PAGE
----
Exploring the possible mechanisms of blunted cardiac reactivity to acute psychological stress

Research output: Contribution to journalArticle

Authors

Colleges, School and Institutes

External organisations

  • Department of Psychiatry, University of Pittsburgh, Pittsburgh, PA, USA
  • Department of Sport and Health Sciences, Oxford Brookes University, Oxford, United Kingdom
  • Department of Psychology and Neuroscience, Baylor University, Waco, TX, USA
  • Department of Psychiatry; School of Medicine, University of Pittsburgh; Pittsburgh Pennsylvania USA

Abstract

Blunted cardiovascular reactivity to acute psychological stress has been linked to a range of adverse health and behavioral outcomes. However, the origins of blunted reactivity remain unclear. The current study aimed to explore the following possibilities: different appraisals of task stressfulness and/or difficulty, diminished task effort, or reduced physiological capacity to respond. Individuals characterized, via pre-screening, as blunted (n = 17) or exaggerated (n = 16) heart rate (HR) reactors to acute psychological stress (socially evaluative mental arithmetic) were exposed to a psychological stress, cold pressor and exercise tasks during a follow-up testing session while HR and blood pressure (BP) were measured. At follow-up, groups again mounted significantly different HR reactions to psychological stress, despite reporting similar levels of subjective stress and difficulty, and achieving similar tasks scores (measure of task effort) at both testing sessions. In response to the cold pressor and exercise blunted and exaggerated reactors displayed similar HR and BP responses. Results indicated that blunted reactors do not differ from exaggerated reactors on appraisals of task stressfulness or difficulty, or objective task effort, and do possess the physiological capacity to respond to other laboratory challenges. Other sources of blunted stress reactivity remain to be explored.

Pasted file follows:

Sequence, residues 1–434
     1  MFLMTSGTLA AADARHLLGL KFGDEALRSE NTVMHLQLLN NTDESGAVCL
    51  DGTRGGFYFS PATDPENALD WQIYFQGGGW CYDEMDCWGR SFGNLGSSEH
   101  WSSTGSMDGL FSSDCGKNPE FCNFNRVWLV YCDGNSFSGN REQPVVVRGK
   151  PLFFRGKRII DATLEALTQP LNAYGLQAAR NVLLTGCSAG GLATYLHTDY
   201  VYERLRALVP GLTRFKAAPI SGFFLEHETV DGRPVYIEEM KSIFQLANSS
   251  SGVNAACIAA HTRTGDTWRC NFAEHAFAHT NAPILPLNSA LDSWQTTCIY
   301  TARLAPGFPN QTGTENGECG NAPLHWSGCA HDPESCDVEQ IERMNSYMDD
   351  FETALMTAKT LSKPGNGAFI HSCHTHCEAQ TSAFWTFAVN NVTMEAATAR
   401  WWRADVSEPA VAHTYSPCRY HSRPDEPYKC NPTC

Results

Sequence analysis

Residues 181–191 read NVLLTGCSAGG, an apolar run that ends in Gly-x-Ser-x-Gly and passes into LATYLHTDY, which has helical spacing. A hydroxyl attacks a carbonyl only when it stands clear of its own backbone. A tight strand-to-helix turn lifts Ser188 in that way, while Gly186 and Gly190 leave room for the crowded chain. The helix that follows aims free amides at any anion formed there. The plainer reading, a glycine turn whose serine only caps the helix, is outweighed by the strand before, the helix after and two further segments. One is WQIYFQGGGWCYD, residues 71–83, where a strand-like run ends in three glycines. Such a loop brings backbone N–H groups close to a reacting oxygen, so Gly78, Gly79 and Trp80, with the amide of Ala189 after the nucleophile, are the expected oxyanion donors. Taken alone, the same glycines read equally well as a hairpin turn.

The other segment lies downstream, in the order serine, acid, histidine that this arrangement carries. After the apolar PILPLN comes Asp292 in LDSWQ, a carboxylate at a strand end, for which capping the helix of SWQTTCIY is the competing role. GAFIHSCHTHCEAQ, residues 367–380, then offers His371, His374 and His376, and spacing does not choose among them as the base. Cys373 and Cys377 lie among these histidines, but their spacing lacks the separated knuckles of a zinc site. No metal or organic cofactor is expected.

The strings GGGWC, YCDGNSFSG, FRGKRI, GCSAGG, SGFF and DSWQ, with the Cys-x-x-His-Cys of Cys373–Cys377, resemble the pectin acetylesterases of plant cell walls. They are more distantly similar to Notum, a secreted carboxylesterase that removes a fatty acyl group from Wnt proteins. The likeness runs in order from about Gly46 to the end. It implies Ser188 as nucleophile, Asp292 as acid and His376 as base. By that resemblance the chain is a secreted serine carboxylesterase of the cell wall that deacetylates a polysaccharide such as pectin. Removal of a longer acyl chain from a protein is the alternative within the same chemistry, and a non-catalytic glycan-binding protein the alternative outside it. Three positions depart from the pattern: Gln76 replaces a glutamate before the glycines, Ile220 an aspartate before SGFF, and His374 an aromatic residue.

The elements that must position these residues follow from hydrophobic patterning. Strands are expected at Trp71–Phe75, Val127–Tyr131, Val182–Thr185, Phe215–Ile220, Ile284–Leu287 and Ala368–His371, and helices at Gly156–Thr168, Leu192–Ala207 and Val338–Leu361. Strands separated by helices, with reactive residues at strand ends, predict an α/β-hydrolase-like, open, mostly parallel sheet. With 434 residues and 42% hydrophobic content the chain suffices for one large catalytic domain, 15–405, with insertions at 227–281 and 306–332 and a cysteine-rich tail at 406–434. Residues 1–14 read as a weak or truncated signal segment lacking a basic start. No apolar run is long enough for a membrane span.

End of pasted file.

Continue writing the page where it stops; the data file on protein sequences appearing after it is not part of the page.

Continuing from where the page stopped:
Details

Original languageEnglish
Pages (from-to)1-7
JournalInternational journal of psychophysiology : official journal of the International Organization of Psychophysiology
Volume113
Early online date30 Dec 2016
Publication statusPublished - 1 Mar 2017

Keywords

  • Stress , Cardiovascular reactivity , Perceptions , Blunted , Exaggerated